Azuki Raises $2.5 Million for NFT Skateboards

Azuki is already one of the biggest NFT projects in the industry, having brought in hundreds of thousands of dollars in sales so far. But even with all this virtual world, Azuki’s most recent outing saw the project sell physical skateboards. This outing was also a massive success, bringing in over $2.5 million in sales and was held by Chiru Labs, the company behind Azuki. 

This sale was held on October 21, 2022, and saw 8 skateboards sold in total following 145 bids on them. It also represents one of Chiru Labs’ most successful offerings to date. 

Skateboards and NFTs

Besides the popular company backing them, the skateboards were also notable for not being your run-of-the-mill skating equipment. As per Chiru Labs, each skateboard is made of 24-karat gold and weighs 45 pounds and as such, users are recommended to not actually try to ride them. But despite their impracticality, buyers flocked to these boards and paid a pretty penny for them. 

Chiru Labs confirmed that the highest amount paid for one of the skateboards was $400,000 while the lowest amount paid was  $260,000, all of which was done in ETH. The highest bid was paid by a user known as ‘dingaling’ who already has 70 Azuki NFTs in their portfolio and now gets to add another Chiru Labs asset to their collection. 

Besides the 24-karat gold and decked-out appearance of the skateboards, they are also made unique by the scannable chips inside of them which confirm their authenticity and rarity. As Chiru Labs explains, this can be very beneficial because it means that asset transfer can be done more seamlessly. If one of the boards is sold, for example, the new owner can transfer the asset digitally to their own wallet and create a new proof-of-ownership.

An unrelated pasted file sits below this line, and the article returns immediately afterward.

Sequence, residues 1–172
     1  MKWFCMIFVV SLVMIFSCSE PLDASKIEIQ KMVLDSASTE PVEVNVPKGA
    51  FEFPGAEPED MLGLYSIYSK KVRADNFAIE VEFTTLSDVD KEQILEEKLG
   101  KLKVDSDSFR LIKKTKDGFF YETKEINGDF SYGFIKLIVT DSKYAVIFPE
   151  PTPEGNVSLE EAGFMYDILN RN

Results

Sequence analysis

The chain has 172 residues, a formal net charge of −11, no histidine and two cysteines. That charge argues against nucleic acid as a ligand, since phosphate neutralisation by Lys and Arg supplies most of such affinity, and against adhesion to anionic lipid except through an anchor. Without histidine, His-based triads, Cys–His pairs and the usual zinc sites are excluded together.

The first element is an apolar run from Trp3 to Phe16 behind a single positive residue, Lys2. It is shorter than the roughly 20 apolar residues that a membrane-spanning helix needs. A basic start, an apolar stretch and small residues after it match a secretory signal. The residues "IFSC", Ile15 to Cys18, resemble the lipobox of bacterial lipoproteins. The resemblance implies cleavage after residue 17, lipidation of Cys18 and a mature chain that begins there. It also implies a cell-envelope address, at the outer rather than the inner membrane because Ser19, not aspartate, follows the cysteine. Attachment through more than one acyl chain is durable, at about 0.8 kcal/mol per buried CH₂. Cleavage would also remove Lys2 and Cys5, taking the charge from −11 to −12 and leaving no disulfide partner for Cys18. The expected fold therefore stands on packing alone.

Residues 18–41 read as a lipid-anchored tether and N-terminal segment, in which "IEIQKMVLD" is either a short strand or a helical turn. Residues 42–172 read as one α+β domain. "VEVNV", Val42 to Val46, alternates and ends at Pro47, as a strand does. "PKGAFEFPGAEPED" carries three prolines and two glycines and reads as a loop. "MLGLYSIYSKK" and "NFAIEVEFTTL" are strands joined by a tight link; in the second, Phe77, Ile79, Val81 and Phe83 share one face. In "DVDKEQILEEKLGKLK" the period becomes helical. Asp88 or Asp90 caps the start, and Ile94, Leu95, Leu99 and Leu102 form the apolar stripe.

Azuki Raises $2.5 Million for NFT Skateboards

And therein lies even more potential for this sort of NFT application. While the authentication of digital goods is mostly a straightforward process, physical goods have suffered from counterfeiting for years. But with scannable chips and transfer via blockchain, that could easily be a thing of the past. This is all part of what Chiru Labs calls a ‘physically backed token’ i.e a physical asset that is recorded and backed up on a blockchain. 

Authenticating Products Via Blockchain 

This new development signalled a triumph for Chiru Labs, showing that its physical goods have just as much, if not more, demand as its digital assets. It also shows a potential new application of NFTs in that they can be tied to physical goods and used for authentication. 

If physically backed tokens truly catch on from here, we could see them being used in all sorts of industries, from luxury goods to even consumables like wine. Essentially, any physical item that could have a scannable chip and is in danger of counterfeiting could benefit from this. And with the success that this first project has seen, Azuki could roll out more in the future.


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